In the previous blog Getting Started with SQL Server Express – 1/2, we installed SQL Server. Now that SQL Server Express is up and running, we can now start tackling Big Data with SQL Management Studio. In the below, I’ll show you some key SQL Management Studio hacks to get you going.
However, before we start, a quick SQL joke.
2. Management Studio
SQL Management Studio is our interface for creating and manipulating databases. The most important things to know to get started are: logging in, creating a database, creating a table, importing data and using templates and the design query editor.
The first thing you need to know is how to connect to a database on your local machine. The trick is to log in using ‘.\SQLEXPRESS’ – make sure there is the dot then back slash.
Note that Management Studio is able to connect to both local instances of SQL Server, installed on your system, and remote instances installed on other servers. For most business analytics, connecting to a local instance will work fine.
2.2 Create a Database
The first thing you will want to do is add in a new database. This database will be the home for all tables in the project you are working on. Note that all the database and table set up is done in the ‘Object Explorer’ window on the left side, see image below. The steps to create a new database are:
- In the Object Explorer, right-click on ‘Databases’.
- Select ‘New Database’.
- Give the Database a Name e.g. ‘ChuckNorris’ in my example
2.3 Add a table
Now that we have created a database, we can add a new blank table.
- Expand your new database in Object Explorer.
- Right-click on “Tables”.
- Select “New Table…”.
- Specify the columns of the table.
- Specify the data type, see Data Types for more information.The most common are varchar for text and float for numbers.
- Close the design window and save the changes.
- Give the table a name in the “Choose Name” dialog, and press OK.
In practice for business analytics, a lot of your data will come from excel, CSV (comma separated value) flat files or other external files. The steps to import these files follows the same outline. I’ll walk you through importing a CSV file:
- Right click your Database and click on Tasks->Import Data
- Select ‘Flat File Source’ from the drop down for Data Sources
- Browse for your file, select *.* to see all the files in your directory
- Check the box ‘Column names in first row of data’ if there are headers in the CSV file
- If needed, alter any column data types in the Advanced tab on the left (this may be required when an import fails)
- Choose a destination, here we use SQL Server Native Client 10 and select the Database name e.g.ChuckNorris
- Click next and then execute the import
- If there is any error, it is usually from a data type mismatch. If ever in doubt, import the data as text such as varchar(100), where the number in the parentheses is the count of characters allowed in each cell e.g. 100 characters.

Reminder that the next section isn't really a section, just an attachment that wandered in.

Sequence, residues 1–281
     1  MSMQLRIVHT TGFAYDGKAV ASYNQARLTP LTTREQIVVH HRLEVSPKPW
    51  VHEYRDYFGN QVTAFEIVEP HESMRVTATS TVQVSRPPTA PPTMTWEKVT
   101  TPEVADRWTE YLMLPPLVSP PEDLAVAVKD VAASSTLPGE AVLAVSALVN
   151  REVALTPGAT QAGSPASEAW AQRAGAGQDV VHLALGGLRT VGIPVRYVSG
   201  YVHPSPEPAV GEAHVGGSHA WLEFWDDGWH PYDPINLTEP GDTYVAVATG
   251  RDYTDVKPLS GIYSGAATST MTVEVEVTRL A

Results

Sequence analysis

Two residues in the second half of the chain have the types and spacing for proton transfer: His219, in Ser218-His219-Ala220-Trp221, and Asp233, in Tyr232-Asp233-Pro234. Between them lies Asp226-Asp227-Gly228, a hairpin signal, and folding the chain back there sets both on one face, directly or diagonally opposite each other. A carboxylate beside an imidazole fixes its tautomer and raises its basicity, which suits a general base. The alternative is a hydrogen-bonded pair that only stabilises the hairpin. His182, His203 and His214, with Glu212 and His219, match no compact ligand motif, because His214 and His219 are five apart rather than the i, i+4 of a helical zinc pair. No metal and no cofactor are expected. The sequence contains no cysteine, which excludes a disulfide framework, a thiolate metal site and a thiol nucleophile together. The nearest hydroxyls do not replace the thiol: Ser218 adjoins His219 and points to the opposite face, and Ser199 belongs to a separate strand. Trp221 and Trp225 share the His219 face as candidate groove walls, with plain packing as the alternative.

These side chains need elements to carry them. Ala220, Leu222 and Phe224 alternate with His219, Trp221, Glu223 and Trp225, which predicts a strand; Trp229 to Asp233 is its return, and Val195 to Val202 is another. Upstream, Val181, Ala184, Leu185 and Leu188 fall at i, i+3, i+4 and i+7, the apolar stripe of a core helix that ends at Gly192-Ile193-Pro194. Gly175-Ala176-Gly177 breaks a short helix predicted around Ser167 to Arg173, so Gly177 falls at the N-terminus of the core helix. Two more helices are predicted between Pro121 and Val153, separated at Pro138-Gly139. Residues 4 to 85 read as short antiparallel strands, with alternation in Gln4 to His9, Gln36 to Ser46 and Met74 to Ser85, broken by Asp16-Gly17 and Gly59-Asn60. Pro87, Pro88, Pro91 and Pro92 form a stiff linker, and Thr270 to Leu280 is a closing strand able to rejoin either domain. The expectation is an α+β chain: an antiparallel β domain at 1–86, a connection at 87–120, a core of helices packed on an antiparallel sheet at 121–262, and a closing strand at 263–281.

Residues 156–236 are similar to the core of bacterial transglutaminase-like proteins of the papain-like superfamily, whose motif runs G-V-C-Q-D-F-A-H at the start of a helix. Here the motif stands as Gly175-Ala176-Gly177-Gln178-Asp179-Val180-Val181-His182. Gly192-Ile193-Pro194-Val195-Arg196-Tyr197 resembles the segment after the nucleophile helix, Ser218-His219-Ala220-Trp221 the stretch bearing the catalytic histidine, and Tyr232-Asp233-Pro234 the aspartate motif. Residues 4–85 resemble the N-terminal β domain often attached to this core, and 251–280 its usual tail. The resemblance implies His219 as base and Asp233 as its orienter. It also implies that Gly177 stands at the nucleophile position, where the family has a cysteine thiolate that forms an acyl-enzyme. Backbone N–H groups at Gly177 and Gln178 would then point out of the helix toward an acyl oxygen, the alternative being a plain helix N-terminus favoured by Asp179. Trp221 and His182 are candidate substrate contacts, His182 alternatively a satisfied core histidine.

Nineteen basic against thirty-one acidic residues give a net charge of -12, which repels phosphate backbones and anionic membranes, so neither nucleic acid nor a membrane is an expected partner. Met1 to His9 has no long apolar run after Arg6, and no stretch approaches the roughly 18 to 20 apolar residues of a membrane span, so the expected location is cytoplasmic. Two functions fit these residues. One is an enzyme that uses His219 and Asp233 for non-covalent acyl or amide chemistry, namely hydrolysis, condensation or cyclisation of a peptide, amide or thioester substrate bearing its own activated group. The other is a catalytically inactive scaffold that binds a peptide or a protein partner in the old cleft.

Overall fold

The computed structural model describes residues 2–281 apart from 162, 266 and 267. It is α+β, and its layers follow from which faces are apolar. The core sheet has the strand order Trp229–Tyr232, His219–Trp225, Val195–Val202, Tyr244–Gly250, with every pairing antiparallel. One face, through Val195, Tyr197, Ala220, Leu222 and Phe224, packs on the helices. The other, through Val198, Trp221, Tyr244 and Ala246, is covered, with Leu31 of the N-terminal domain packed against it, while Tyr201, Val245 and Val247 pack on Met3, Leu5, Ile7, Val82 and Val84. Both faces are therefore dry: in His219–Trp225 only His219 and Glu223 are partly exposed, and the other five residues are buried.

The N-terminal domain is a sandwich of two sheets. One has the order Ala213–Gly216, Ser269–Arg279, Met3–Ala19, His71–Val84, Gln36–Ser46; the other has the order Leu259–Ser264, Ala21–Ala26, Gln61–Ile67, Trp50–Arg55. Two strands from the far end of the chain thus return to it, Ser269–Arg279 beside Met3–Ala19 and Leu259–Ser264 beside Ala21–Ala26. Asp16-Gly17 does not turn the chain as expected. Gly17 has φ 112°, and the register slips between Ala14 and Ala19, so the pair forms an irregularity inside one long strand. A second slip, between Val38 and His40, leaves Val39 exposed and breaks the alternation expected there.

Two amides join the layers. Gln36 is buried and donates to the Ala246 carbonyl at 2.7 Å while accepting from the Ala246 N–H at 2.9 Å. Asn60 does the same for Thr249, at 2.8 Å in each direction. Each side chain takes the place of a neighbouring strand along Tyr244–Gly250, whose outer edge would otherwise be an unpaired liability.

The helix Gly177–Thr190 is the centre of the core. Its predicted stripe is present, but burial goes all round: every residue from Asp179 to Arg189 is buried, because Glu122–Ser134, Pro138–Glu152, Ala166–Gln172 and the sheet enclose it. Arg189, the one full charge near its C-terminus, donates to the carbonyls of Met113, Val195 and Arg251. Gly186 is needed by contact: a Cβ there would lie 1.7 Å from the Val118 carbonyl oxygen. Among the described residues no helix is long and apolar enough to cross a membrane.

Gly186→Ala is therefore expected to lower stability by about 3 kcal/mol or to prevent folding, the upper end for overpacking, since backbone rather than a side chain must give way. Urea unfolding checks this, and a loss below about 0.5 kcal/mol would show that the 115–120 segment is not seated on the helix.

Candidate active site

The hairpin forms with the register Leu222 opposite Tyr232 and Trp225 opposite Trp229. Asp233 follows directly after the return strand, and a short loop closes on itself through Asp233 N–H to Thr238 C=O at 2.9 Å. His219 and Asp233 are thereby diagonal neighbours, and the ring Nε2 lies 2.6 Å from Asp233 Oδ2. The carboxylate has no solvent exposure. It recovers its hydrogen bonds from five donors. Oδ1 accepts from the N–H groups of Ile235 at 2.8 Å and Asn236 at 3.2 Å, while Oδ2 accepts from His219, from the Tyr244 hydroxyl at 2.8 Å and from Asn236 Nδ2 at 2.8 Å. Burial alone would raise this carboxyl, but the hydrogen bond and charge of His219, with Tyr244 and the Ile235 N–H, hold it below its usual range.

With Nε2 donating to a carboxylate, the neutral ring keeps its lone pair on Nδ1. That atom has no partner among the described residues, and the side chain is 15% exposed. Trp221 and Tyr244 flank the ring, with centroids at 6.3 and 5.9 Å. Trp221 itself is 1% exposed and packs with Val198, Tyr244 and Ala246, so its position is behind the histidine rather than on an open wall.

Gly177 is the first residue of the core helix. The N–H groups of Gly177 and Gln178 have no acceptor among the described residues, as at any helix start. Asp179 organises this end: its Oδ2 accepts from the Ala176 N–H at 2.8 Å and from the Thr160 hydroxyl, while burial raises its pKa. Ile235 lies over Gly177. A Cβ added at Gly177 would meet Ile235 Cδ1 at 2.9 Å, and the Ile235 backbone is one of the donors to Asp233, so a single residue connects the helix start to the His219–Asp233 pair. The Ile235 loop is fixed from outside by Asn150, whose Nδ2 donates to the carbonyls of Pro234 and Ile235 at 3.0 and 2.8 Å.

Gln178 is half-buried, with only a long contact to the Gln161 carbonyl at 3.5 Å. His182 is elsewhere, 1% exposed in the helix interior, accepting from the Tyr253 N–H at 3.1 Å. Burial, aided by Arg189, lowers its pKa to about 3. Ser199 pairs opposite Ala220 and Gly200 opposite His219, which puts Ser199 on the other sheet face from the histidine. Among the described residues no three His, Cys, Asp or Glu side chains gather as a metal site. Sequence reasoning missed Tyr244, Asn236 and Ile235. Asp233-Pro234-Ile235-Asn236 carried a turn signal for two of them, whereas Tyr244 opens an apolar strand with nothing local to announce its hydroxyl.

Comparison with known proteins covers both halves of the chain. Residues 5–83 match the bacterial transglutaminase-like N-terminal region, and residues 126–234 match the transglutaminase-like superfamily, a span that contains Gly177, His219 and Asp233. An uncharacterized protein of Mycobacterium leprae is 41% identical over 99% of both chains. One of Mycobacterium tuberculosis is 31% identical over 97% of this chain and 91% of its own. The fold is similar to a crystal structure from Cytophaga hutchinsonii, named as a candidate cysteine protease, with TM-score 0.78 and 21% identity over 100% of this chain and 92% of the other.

2.4 Run a query
We won’t go through writing queries in this blog, see the series Use SQL Like a Badass for the most important code for business analytics. However, to start a new Query, click on the button ‘New Query’ on the tool bar and start belting out some SQL expressions in the right part of the screen. In the below example I did a basic SELECT statement to see what is in the table Chuckquotes, which turns out to be some smashing Chuck Norris facts from Chuck Norris Facts.
2.5 Visually Create Joins with Query Designer
If you are more of a visual person, or if you forget the syntax to join tables like me, then Query Designer will help. Press CTRL+SHIFT+Q and the dialog will open. Add tables and change the join type by right clicking the join line. You can select the fields you want to include by ticking the boxes within the tables (note that clicking the first box will give you all columns.) You will see that code is generated at the bottom of the screen according to your selections.
2.6 Cheat Using Templates
It is easy to forget the correct syntax for SQL. If you press CTRL+ALT+T, you will bring up the template explorer. The template explorer has all basic commands that will help you query and manipulate your data. For instance, if I wanted to know the syntax of how to create a view, I could bring up the template explorer below on the right side of the screen.
Also, if you want to learn more about how to write a particular SQL expression, a terrific resource is W3Schools.
2.7 Adding Line Numbers
Once you start writing longer SQL expressions, it can be useful to have line numbers to see where errors are occurring if the code fails.
Click Tools->Options. Expand the ‘Text Editor’ section and then expand ‘Transact SQL.’ Under ‘General’, you should see a check box for line numbers.
That is it for Getting Started with SQL Server Express. We have gone through how to install SQL Server Express and through the basics of SQL Management Studio. For more information of how to write basic code for business analytics is SQL, have a look at the blog Use SQL Like a Badass.